“Home Away From Home” at Baron’s Cove


On January 3, Sag Harbor’s Baron Cove launched a new and novel accommodation program. The program, known as “Home Away from Home,” offers visiting guests a limited number of hotel rooms and suites for second residence options, with prices that more closely resemble monthly rent than hotel fare.

The program is designed to accommodate off-season travelers, artists looking for a temporary residency space, and anyone interested in sampling Long Island’s East End without carrying the burden of a high-season rental. Running through April 3, rates are $1,900 per month for the Garden King Suite and $2,700 per month for the Harbor Loft Suite. A two-month minimum is required. These are the sole accommodation options being offered at this time.

The incentive makes good monetary sense for anyone seeking an extended stay in the East End this winter. During the low season, the hotel’s rates for introductory-level rooms average about $159 per night. With this promotion, those rates are slashed by nearly 70 percent. In addition, guests enrolled in the Home Away from Home program are exempt from taxes and the hotel’s 5 percent resort fee. Those who commit to three-month rentals receive the added bonus of a $500 credit to be used at the property’s restaurant.

With the Hamptons growing in visibility for off-season visitors, Baron’s Cove has made a concerted effort to draw business into a niche market. The idea of a long-term stay at a hotel might not be appealing to everyone, but to some, the idea of daily housekeeping, room service, and a restaurant next door might feel more like an extended vacation. It is, in a sense, an alternative to the immensely popular idea of AirBnB, where guests can opt for rooms, suites, or entire private homes, which cover a broad spectrum of styles, amenities, and, accordingly, price points.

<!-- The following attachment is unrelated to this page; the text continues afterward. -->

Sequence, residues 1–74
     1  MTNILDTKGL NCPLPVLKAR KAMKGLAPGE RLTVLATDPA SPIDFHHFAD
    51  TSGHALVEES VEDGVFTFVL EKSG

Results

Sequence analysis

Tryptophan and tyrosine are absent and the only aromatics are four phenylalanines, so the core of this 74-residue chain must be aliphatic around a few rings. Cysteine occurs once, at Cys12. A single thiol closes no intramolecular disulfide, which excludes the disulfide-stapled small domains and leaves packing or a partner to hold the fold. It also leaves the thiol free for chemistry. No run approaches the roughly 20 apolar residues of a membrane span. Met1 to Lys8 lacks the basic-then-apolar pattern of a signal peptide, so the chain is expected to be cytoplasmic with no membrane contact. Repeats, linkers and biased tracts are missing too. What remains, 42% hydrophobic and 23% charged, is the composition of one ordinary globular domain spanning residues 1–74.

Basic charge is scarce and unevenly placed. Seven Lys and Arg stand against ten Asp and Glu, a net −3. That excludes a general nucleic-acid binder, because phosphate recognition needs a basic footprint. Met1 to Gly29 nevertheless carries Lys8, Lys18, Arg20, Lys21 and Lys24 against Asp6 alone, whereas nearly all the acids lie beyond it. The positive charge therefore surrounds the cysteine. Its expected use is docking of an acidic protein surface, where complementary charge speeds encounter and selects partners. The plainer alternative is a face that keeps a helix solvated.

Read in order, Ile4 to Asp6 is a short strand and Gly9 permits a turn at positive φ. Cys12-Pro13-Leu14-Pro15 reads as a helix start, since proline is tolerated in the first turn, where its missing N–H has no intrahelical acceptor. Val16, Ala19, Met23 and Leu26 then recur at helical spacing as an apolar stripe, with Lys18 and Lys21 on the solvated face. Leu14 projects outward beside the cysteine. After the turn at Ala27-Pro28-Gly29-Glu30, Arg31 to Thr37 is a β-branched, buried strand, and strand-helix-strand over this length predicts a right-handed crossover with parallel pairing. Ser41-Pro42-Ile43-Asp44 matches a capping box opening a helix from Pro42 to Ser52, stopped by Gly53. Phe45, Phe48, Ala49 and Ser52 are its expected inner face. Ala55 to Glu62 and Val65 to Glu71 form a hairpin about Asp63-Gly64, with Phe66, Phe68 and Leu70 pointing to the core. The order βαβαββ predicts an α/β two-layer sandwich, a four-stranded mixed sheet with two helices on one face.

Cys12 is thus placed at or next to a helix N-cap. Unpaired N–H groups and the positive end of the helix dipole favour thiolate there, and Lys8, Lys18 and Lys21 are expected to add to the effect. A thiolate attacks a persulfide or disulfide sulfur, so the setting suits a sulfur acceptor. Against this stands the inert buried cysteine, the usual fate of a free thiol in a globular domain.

“Second homes are places from which you can come and go, leaving your favorite weekend sweater or walking shoes, or even a project ready for your return,” Baron’s Cove General Manager Mario Arakelian said. “Whether you are coming for a week at a time to work on a memoir, compile family photographs, just experiment with a second home, or looking to wake up by the water each morning, it’s a wonderful opportunity to experience the Hamptons in a new way.”

Baron’s Cove has long since made driving offseason business a priority. As in years past, the restaurant hosts a happy hour in the lounge area from Sunday through Thursday at 4 to 6 in the evening. That promotion offers $8 bar bites, a $10 specialty cocktail, a handful of $6 beers, and four wine selections for $8 a glass.

During the month of February, the restaurant will also run a series of additional promotions, like a prix fixe Valentine’s Day dinner for $85 per person, a John Steinbeck-based event on February 27 to celebrate what would have been the author’s 118th birthday, and an oyster-shucking demonstration to occur in conjunction with Harborfrost on February 29.

Whether or not the idea of a hotel-as-residence in the Hamptons will prove compelling to non-locals still remains to be seen. While the price is incentivized, it still packs a punch, considering the required minimum: at the lowest price rung, the rental will cost at least $3,800, which is no small fee, especially during a time of year when retail, restaurants, and life has slowed down.

Still, as more and more East End restaurants opt for year-round service, and as more second homeowners spend more weekends on the East End during even the coldest months, what Baron’s Cove has developed, through the Cape Resorts brand, may be a template for other hoteliers seeking a business surge in January, February, and March. Will other hotels follow suit, providing affordable options and an opportunity for local retailers to capitalize on offseason commerce? The possibility of a changing tide is waiting in the wings.